28 September 2010

Judicial Misconduct: another round in the saga

A very quick post.

A full bench of the High Court has just released its decision, directing that the Judicial Conduct Commissioner reconsider his decision to recommend a Judicial Conduct Panel be convened to consider the complaints about Justice Wilson's disclosure in the Saxmere litigation:


Let's be clear about what it says and its likely consequences.

First, it's very much a technical decision about how the Commissioner should have framed and referred the complaints for consideration for the Panel.  In a nut-shell, the Commissioner was wrong to refer the whole bundle of complaints.  He should have formed a view on each and every complaint and specified with some particularity which conduct warranted inquiry by the Panel.  As a consequence, some complaints which were trifling were wrongly added into the mix; the main complaint - while sufficient for further investigation - was not framed carefully enough when it was referred; and complaints about the judge's conduct between the two Supreme Court decision were referred without an opinion being specifically reached on whether they justified further investigation for the Panel.

Secondly, on the marquee complaint that the Commissioner relied on to recommend a Panel be convened, the High Court is clear that the Commissioner's vetting process was proper and consistent with the Act.  The Commissioner properly appreciated the standard of conduct that, as a matter of constitutional law, justified removal of a judge from office and justified further investigation. The Commissioner also properly applied this standard when reviewing the factual allegations made. The Court said (at [91]):

"The important point is that the Commissioner considered that deliberate non-disclosure was a sufficiently plausible possibility to warrant further inquiry being made.  We agree with the Commissioner’s conclusion that conduct of that type, if established, might warrant consideration of the removal of the Judge.  We also accept Mr Goddard’s submission that in reaching that view the Commissioner formed the opinion that s 15(1) required of him."

The Court said the Commissioner correctly took the view that evaluation of whether, as a matter of fact, the allegation of deliberate non-disclosure was made out was a matter for the Panel, not the Commissioner. This is important as the allegations remain only that: allegations.  Questions of proof are for the Panel.

The problem was in the way the complaint about the allegation was referred.  The Commissioner needed to "go further and identify the aspects of the Judge's conduct that constituted the matters that were to be the subject of the Panel's inquiry" (at [94]).  A blanket referral of the allegations was not enough; only those parts of the allegations that met the legal and constitutional threshold for further investigation could be referred.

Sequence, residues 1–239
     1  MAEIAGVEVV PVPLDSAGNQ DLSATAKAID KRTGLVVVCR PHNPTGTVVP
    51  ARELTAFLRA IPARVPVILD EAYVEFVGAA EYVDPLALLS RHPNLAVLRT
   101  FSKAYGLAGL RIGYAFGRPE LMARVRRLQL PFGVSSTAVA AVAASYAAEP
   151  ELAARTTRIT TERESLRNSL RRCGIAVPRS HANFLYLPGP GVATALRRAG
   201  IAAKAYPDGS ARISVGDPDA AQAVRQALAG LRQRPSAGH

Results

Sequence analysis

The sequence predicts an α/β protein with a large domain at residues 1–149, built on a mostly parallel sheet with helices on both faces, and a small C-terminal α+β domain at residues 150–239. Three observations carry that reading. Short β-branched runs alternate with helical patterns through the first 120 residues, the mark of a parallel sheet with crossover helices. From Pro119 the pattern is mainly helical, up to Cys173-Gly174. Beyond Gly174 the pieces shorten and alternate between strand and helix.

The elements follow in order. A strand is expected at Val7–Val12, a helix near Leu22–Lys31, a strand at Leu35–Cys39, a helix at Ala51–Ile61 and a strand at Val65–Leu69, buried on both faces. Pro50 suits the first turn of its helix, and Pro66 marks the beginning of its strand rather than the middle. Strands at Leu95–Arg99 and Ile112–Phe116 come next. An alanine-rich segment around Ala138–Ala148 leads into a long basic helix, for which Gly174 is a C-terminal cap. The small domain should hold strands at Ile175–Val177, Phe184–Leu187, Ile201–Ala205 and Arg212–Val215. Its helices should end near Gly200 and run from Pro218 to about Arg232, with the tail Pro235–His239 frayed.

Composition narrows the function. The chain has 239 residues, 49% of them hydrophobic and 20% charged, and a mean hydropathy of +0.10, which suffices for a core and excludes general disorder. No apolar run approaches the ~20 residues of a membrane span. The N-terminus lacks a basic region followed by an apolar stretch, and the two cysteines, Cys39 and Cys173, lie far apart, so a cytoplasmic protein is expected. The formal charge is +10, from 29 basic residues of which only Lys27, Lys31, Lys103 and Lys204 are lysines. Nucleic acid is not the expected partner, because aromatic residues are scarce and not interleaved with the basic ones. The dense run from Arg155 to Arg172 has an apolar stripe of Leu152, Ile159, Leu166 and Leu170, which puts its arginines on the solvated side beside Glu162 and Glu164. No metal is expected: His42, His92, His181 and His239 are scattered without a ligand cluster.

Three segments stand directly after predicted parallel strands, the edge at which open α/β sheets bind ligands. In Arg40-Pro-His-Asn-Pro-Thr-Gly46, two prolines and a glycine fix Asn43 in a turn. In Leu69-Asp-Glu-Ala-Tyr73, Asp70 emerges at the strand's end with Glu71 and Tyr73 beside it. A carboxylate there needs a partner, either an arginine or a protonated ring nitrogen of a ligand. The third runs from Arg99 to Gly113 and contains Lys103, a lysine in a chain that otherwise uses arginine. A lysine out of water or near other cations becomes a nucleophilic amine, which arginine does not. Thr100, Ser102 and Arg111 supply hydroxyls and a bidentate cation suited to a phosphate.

Finally, this decision is undoubtedly not going to halt the process.  The Court has agreed that the marquee complaint justified further investigation by the Panel.  The Commissioner will undoubtedly frame that with the particularity the Court requires.  The trifling or peripheral allegations that do not met the legal and constitutional threshold will fall away.  The only question of substance that remains is whether the marque complaint will be augmented by a further finding and referral of complaints about the judge's conduct between the 2 Supreme Court decisions.  The judge will be called on to respond to very specific allegations about his conduct, rather than a generalised complaint about the entire saga.


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Course Outline

Lord Justice Lawton in Maxwell v Department of Trade and Industry [1974] 2 All ER 122 said:

"From time to time ... lawyers and judges have tried to define what constitutes fairness. Like defining an elephant, it is not easy to do, although fairness in practice has the elephantine quality of being easy to recognise. As a result of these efforts a word in common usage has acquired the trappings of legalism: 'acting fairly' has become 'acting in accordance with the rules of natural justice', and on occasion has been dressed up with Latin tags. This phrase in my opinion serves no useful purpose and in recent years it has encouraged lawyers to try to put those who hold inquiries into legal straitjackets.... For the purposes of my judgment I intend to ask myself this simple question: did the [decision-maker] act fairly towards the plaintiff?"

This course examines the elephantine concept of fairness in the law, along with other contemporary legal issues.

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